Sending In My MacBook

Discussion in 'MacBook' started by Cjjgrubbs, Jul 9, 2008.

  1. Cjjgrubbs macrumors newbie

    Jul 9, 2008
    Hey all,

    I am sending my Early 2008 MacBook in to apple to finally get the white spots fixed and I am a bit concerned about my data. I have a lot of personal information and what not (school papers, family photos, auto-logins to insurance/banking,etc...) on my machine that I would like to keep that way. In addition, I may have some questionably licensed software & music around as well. So my question is will apple be poring over my files or will they simply boot up and verify the fix and move on? Should I remove anything personal as well as any software and music that I may not be fully entitled to? They asked me for my admin login, so I assume that they plan on at least logging in, what about snooping around?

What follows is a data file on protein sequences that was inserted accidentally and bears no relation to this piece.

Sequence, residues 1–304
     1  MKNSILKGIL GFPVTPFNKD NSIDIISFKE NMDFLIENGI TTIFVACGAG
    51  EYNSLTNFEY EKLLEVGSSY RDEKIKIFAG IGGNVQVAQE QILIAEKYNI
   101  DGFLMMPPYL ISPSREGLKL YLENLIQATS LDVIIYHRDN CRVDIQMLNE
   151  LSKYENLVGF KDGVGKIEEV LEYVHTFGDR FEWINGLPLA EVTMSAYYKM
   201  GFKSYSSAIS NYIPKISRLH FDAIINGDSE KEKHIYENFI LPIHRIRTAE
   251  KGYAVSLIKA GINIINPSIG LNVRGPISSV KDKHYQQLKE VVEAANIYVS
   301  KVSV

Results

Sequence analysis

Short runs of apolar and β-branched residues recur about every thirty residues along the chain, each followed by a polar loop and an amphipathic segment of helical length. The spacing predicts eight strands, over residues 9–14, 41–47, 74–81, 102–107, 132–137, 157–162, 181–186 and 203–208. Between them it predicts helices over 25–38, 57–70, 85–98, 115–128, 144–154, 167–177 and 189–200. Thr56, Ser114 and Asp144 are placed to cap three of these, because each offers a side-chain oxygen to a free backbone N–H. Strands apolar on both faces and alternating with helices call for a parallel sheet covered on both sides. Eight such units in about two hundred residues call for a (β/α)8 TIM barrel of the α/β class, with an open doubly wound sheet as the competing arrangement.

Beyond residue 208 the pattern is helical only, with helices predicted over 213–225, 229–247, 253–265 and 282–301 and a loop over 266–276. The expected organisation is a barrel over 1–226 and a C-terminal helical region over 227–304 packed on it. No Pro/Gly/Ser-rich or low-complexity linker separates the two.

2. sammy2066 macrumors 6502a

    Oct 3, 2007
    You never know what they might do. But it is best to backup anything you might not want to lose. If they have to format the HDD in order to fix the issue, they will do so without asking you. I think Apple will not snoop around the HDD for unlicensed stuff, they should respect your privacy. But don't quote me on that.
  3. Cjjgrubbs thread starter macrumors newbie

    Jul 9, 2008
    What Is The Bestway To Back It Up? Best And Cheap!
  4. ihabime macrumors 6502

    Jan 12, 2005
    To bad you can't torrent a Time Capsule...
  5. mosx macrumors 65816

    Mar 3, 2007
    Uh.. ever heard of DVD-Rs?
  6. r.j.s Moderator emeritus


    Mar 7, 2007
    Do you have time machine already doing backups? If not, and you have a spare external HD laying around, you can do a clone using Carbon Copy Cloner or SuperDuper. Any of the three ways will work to back up your data.
  7. mosx macrumors 65816

    Mar 3, 2007
    Also, be sure to take pictures of everything on the system. Document scratches and marks on it already. Photograph and take film of the rest.


    Don't let a single mm go undocumented, pictured, and videoed.

    Flextronics, the company that handles MacBook repairs, is notorious for damaging systems, scratching them, whatever. Protect yourself by getting the best pictures you can of it before sending it in.

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